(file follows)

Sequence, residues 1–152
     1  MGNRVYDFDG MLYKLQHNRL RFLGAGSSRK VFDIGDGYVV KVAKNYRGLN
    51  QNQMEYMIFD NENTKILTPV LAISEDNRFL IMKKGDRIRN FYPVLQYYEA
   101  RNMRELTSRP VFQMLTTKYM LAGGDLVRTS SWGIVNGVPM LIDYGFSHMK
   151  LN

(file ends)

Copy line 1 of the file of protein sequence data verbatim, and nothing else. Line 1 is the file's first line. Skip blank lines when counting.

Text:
Sequence, residues 1–152